atlantic studies The movement of persons, things, and ideas throughout the Atlantic world transformed the literature and history of the modern and early modern periods in ways that are difficult to grasp from within a national paradigm. The “Atlantic Studies” working group will focus on the commercial, aesthetic, intellectual, and institutional traffic between Great Britain, Europe, North and South America, and the Caribbean basin, with particular emphasis on the currents shaping that world from the sixteenth through the nineteenth centuries. The working group will share research on the literary, political and economic commerce that knit together the Atlantic world, while exploring the implications of Atlantic Studies for disciplinary and institutional protocols. What methodological shifts— in disciplinary approach, in periodization, in conceptual or theoretical frameworks— does the use of an Atlantic paradigm entail? What is occluded by the European orientation of traditional literary and historical study, and what modes and objects of inquiry do trans-oceanic exchanges make visible? Among the topics we may explore are: slavery, migration, and exile; concepts of sovereignty and citizenship; emerging models of global consciousness and the imagining of non-national communities; corporate agency and the imperatives of long-distance trade; Enlightenment and revolutionary consciousness in its metropolitan and colonial guises; and the versions of modernity and futurity to be gleaned from a trans-Atlantic perspective. Among other topics, the 2008-09 discussion will address the writing of anticolonial histories of modernity such as C.L.R. James’s The Black Jacobins, David Scott’s Conscripts of Modernity, and Sibylle Fischer’s Modernity Disavowed.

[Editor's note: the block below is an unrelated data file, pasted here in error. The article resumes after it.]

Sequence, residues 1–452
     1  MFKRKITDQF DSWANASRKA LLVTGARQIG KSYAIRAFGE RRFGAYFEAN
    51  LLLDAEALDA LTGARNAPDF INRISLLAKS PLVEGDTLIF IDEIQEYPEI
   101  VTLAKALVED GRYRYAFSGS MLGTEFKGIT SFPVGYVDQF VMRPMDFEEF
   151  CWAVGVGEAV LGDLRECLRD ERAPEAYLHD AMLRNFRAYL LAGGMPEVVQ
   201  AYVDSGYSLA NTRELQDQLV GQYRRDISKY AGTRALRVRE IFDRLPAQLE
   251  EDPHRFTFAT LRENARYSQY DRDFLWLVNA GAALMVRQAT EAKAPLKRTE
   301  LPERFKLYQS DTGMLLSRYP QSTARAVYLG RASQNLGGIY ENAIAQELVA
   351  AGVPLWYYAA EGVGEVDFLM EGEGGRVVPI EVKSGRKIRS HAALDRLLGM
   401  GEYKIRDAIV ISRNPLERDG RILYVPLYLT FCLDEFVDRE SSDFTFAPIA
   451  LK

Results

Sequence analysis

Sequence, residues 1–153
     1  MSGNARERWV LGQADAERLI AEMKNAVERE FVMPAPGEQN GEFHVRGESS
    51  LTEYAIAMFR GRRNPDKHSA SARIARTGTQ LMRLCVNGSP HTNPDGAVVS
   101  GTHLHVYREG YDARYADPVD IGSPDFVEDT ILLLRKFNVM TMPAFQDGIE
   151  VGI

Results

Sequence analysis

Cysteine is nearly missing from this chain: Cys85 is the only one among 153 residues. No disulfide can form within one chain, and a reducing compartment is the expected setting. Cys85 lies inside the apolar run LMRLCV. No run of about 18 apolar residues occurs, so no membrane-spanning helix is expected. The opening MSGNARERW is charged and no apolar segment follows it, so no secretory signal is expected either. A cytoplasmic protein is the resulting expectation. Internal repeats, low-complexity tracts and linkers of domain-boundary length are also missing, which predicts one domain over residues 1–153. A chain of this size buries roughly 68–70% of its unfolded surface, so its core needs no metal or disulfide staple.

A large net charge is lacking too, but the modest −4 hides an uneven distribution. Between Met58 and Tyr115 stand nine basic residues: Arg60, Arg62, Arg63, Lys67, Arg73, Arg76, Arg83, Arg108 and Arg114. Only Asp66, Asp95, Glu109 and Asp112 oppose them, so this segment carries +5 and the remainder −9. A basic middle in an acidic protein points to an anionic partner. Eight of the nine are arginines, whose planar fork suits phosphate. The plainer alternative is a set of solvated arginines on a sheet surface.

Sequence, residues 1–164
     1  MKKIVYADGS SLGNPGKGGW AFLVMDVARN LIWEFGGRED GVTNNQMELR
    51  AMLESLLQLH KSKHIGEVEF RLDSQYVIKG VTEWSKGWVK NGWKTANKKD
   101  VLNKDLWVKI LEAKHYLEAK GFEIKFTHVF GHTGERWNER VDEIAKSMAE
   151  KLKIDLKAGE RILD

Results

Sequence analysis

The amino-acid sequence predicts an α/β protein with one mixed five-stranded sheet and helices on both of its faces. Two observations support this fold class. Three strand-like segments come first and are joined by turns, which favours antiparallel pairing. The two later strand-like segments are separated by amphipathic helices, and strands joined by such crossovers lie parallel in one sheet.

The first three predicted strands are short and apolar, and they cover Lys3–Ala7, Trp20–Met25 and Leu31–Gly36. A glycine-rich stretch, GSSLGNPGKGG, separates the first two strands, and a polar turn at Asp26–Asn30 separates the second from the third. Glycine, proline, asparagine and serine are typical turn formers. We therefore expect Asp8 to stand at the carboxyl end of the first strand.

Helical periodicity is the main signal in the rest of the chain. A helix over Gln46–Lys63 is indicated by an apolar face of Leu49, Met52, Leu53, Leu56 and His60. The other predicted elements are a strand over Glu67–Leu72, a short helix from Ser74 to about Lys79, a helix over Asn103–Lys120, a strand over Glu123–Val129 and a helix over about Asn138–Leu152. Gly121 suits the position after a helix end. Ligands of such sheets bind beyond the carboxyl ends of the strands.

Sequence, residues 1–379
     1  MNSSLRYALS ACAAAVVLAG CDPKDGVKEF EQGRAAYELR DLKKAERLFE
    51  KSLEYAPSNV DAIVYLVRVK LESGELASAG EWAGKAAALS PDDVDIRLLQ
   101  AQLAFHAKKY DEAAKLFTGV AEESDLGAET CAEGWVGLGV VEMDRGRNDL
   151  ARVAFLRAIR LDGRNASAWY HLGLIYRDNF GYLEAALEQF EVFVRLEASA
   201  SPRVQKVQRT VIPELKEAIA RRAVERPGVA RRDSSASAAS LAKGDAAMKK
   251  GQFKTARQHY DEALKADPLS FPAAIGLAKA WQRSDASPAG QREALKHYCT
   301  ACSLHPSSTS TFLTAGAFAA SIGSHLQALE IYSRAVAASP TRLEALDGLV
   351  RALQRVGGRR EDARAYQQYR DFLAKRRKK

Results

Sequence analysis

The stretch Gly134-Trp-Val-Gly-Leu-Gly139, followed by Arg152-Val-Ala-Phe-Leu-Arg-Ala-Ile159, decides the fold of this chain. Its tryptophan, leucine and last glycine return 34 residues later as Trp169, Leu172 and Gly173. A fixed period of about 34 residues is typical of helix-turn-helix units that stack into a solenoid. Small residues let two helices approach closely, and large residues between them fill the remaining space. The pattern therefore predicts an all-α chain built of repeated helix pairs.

Coordinators

Lynn Festa
Department of English, Rutgers

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Chris Iannini
Department of English, Rutgers
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